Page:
CANNES – Androulla Vassiliou, the Cypriot European Commissioner for Education, Culture, Multilingualism, and Youth, arrived in Cannes in order to promote the EU’s MEDIA program and give the first ever ‘Prix MEDIA’ award to Iranian filmmaker Ashgar Farhadi, the director of ‘A Separation’, which won the Golden Bear at the Berlin Film Festival in 2011. The ‘Prix MEDIA’ award recognizes the filmmaker of a project with the best box-office potential, and helps financially support the film’s production. Farhadi is about to film a new project in France, which will star the A-list actress Marion Cotillard.
Ms. Vassiliou has been in her current position for two years, and was previously the European Commissioner for Health (2008-2010). She spoke to Joanna Kalafatis, Greek Reporter’s correspondent in Cannes, about the importance of the MEDIA program in Europe, and the funding she is seeking in order to expand the program’s reach and scope. The Cypriot commissioner’s interview is below.
Talk to us about the MEDIA program and its objectives.
The MEDIA program financially supports European film and television; so far, 1.6 billion euros have been spent on various cultural projects through the program. In general, we try to promote intercultural relations and cultural dialogue, so we support projects which are a product of cooperation between at least three countries. Right now, the MEDIA program supports 2000 projects every year for approximately 100 million dollars annually.
You have recently requested extra funding in order to expand the scope of financial support for film and create a new program, ‘Creative Europe’. How will that program work?
‘Creative Europe’ is a funding program for 2014-2020, for which we have requested a budget of 1.8 billion. The program will have three strands: culture, media, and a new section specifically involving film financing. This section will have 900 million euros at its disposal, and the money will be used in order to help small creative industries (such as film and audiovisual entertainment) get loans from banks. Since most such small industries do not have the collateral to easily obtain loans, the EU will back their requests and provide their guarantee to the banks. The European Investment Bank and the Investment Fund will be the organizations handling the money and cooperating with the local banks.
Given the current crisis in Europe in general and countries such as Greece, do you think it will be harder to allocate this amount of money to creative industries in the EU?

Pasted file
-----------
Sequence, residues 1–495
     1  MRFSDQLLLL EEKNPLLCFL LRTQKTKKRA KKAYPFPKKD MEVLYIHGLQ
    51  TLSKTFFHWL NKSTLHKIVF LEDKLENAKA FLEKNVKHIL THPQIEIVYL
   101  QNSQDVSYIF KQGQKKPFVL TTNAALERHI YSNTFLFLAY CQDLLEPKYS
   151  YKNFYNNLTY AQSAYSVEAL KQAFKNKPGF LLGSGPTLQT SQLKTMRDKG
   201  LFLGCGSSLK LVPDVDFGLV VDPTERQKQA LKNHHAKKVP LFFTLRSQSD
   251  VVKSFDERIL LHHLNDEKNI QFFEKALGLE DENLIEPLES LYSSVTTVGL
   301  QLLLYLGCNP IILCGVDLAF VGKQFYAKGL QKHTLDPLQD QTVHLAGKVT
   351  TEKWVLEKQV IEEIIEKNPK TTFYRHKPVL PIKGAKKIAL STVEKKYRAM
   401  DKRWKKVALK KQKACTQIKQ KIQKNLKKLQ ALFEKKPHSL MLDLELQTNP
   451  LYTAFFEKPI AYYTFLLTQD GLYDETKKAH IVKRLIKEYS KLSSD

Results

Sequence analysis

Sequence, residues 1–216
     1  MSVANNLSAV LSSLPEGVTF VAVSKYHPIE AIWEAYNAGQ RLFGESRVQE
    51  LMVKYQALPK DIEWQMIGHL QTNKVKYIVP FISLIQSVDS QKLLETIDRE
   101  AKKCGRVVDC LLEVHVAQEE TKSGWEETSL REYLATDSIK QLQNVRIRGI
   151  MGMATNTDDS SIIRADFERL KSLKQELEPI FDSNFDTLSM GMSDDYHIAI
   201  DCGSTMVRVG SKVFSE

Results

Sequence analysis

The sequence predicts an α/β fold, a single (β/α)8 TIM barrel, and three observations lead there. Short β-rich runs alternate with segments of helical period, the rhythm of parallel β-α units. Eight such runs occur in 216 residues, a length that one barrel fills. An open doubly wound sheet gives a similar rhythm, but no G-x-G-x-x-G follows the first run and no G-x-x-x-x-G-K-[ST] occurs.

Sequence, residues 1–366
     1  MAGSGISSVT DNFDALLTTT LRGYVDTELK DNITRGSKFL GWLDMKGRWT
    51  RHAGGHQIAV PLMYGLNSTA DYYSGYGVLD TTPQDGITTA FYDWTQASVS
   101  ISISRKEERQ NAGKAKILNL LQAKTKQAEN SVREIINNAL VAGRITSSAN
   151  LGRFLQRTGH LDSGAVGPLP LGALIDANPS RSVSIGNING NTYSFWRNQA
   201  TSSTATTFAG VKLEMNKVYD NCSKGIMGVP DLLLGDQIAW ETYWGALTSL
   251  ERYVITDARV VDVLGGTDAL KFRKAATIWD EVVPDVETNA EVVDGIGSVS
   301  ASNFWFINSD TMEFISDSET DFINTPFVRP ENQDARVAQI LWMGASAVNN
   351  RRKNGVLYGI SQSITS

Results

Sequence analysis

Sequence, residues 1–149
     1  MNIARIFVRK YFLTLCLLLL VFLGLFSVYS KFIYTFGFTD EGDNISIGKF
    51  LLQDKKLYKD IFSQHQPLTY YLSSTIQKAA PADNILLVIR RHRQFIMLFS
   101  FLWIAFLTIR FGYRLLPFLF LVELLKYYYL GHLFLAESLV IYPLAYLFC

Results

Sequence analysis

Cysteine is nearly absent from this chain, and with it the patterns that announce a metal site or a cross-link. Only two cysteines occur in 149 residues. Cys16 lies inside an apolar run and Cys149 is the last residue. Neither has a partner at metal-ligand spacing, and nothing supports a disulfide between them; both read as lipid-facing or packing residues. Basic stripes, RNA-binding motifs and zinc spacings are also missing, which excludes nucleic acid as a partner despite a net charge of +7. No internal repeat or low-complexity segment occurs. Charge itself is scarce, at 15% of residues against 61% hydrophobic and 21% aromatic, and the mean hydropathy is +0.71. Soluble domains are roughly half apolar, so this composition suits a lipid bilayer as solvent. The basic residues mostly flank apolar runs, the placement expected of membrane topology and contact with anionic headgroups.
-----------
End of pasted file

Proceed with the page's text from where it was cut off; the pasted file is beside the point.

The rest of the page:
No, because we have found that through culture and film, we can stimulate economic development and create jobs. Currently, 8.5 million people in the EU are employed by the creative sector; of those, 1.2 million people are in film & TV. This sector is actually one of the few that has not undergone a decline or massive layoffs during the latest financial crisis, so it is important to keep supporting this thriving industry. That is what people sometimes forget, that film, TV, and culture is not just an outlet for personal enjoyment, it is also a thriving industry. The Council of Cultural Ministers in Brussels has also adopted this stance, thus enabling us to fund projects such as Creative Europe.
What is the biggest goal you hope to achieve by supporting filmmakers through ‘Creative Europe’?
One area that we want to develop further is gaining a larger audience. We want to encourage and give opportunities for involvement in culture and TV to poorer sections of society, to immigrants and visitors to the EU, to children, and to other people that may not make up a large part of our audience today. Our idea is that we want to organize programs for schools to show European films, which will showcase the artists who have created them. We will also hold discussions after the showings, in order to encourage dialogue regarding the messages of the films.
How will the program help European film and TV compete with the US industry?
The difference between European and US cinema is the messages and values shown through film, which in Europe are geared more towards stimulating ideas and discussion rather than pure entertainment value. We want to therefore use these school programs to create ‘media literacy’, to create a new generation of viewers more in tune with the European creative industries as well as US entertainment.
That is why part of the proposal for the program’s expansion will include promoting series like the ‘Borgias’; though its production calls to mind US shows, it has been created in Europe based on European stories, and we want to promote stories like this in order to compete with the imported US shows on European TV.